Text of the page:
As we reported in 2012: Under the Mubarak dictatorship, education spending was steadily run down, partly at the behest of the IMF. This situation persists, as does the fact that more and more money is extracted from the poor to fund public schools. This takes the form of fees extracted from parents for books and even building maintenance, but most especially from institutionalised systems of private tuition, which bring in money for the management, as well as supplementing teachers’ salaries.
Teachers on permanent contracts earn between $65 and $115 a month in regular salary. The majority of teachers however are on temporary contracts and they earn up to $16 a month – some earn nothing at all – on the basis that they will obtain the money for survival by taking private tuition lessons at the end of the school day. These lessons, which are more or less compulsory, can have twenty plus students per teacher and those who cannot pay, cannot attend. This situation forces teachers – themselves poor – to become the oppressors of other poor people who typically pay twenty per cent of their incomes for their children’s education. It is a form of insidious privatisation which enables the state to cut education budgets and offload its constitutional responsibility onto teachers and the poor.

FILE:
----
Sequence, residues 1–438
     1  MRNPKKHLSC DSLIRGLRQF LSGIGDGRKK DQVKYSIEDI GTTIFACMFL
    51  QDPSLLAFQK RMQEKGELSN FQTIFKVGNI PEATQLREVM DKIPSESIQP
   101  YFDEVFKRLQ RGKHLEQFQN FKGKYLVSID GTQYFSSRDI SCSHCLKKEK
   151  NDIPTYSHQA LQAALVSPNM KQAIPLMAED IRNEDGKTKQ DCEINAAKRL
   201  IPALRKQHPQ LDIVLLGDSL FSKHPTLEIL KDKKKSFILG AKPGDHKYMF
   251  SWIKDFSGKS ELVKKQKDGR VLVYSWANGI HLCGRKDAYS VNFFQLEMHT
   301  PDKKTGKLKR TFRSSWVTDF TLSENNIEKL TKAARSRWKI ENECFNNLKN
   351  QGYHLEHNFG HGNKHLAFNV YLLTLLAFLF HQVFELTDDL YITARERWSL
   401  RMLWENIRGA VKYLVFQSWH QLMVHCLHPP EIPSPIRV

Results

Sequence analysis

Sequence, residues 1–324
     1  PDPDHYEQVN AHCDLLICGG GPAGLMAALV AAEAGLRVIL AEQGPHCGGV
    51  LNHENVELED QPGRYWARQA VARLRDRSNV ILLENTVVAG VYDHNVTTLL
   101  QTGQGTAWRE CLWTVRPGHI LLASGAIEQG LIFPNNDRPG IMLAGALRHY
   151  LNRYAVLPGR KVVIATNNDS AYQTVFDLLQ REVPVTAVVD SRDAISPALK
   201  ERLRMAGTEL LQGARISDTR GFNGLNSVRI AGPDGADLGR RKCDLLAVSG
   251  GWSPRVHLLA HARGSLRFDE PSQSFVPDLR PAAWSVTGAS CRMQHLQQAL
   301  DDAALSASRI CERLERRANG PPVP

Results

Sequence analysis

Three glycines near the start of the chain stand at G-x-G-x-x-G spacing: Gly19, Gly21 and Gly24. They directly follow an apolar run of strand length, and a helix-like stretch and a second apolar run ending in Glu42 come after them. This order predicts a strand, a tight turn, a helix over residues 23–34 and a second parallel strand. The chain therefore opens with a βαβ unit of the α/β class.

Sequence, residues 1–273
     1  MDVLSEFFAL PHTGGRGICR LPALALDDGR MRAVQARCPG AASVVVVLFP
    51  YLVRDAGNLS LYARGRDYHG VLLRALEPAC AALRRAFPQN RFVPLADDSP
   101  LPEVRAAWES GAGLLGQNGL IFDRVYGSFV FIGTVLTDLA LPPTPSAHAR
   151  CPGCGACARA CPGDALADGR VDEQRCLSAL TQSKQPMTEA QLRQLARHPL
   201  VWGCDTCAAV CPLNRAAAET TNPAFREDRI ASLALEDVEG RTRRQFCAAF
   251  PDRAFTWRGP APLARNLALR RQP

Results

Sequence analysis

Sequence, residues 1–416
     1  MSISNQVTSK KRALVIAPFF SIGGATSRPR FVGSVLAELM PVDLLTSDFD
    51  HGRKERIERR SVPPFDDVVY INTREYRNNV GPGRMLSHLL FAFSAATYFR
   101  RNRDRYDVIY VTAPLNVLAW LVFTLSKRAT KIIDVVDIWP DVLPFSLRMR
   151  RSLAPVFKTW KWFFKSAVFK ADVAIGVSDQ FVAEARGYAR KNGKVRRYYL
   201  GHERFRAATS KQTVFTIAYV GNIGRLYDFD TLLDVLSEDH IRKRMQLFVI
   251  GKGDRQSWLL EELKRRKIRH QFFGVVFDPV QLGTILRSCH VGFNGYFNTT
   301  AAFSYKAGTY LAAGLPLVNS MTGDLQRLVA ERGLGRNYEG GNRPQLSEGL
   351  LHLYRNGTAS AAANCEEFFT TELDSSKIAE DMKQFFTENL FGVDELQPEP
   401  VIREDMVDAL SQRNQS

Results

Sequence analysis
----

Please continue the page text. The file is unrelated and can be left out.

The Mubarak government was replaced first by a repressive Muslim Brotherhood regime under Morsi and now by the rule of the army under Sisi, which is carrying out violent and repressive measures against any kind of dissent. Just as teachers stood up to Mubarak and formed an independent teaching union in 2010, despite the ever-present threat of the security forces, so now teachers are once again demanding justice.